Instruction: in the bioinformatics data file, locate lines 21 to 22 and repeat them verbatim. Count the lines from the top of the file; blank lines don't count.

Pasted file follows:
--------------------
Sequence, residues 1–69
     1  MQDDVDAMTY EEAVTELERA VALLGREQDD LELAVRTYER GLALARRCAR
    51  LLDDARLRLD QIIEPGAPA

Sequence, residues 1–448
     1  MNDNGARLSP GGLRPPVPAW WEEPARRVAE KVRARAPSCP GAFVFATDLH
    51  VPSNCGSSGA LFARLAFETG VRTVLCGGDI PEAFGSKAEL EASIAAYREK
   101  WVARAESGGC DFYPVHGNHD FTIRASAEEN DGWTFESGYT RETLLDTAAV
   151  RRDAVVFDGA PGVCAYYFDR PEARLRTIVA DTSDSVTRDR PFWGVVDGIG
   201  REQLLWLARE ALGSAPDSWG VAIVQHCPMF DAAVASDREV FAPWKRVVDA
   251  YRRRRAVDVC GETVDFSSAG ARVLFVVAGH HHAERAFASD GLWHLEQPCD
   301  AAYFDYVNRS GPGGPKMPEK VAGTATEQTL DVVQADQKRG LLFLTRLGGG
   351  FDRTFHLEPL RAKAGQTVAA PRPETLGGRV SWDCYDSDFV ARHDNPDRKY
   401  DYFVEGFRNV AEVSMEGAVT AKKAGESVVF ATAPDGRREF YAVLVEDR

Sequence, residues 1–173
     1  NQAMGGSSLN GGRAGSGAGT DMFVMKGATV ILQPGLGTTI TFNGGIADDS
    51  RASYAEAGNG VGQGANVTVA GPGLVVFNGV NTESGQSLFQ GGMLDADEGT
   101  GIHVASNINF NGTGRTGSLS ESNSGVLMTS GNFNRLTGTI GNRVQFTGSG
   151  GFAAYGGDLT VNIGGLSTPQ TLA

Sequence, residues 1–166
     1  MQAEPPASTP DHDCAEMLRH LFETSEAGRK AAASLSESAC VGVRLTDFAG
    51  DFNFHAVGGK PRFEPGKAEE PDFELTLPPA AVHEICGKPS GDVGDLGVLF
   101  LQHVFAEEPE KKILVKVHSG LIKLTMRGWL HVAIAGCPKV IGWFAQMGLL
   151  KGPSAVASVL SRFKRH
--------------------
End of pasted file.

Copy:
    51  DFNFHAVGGK PRFEPGKAEE PDFELTLPPA AVHEICGKPS GDVGDLGVLF
   101  LQHVFAEEPE KKILVKVHSG LIKLTMRGWL HVAIAGCPKV IGWFAQMGLL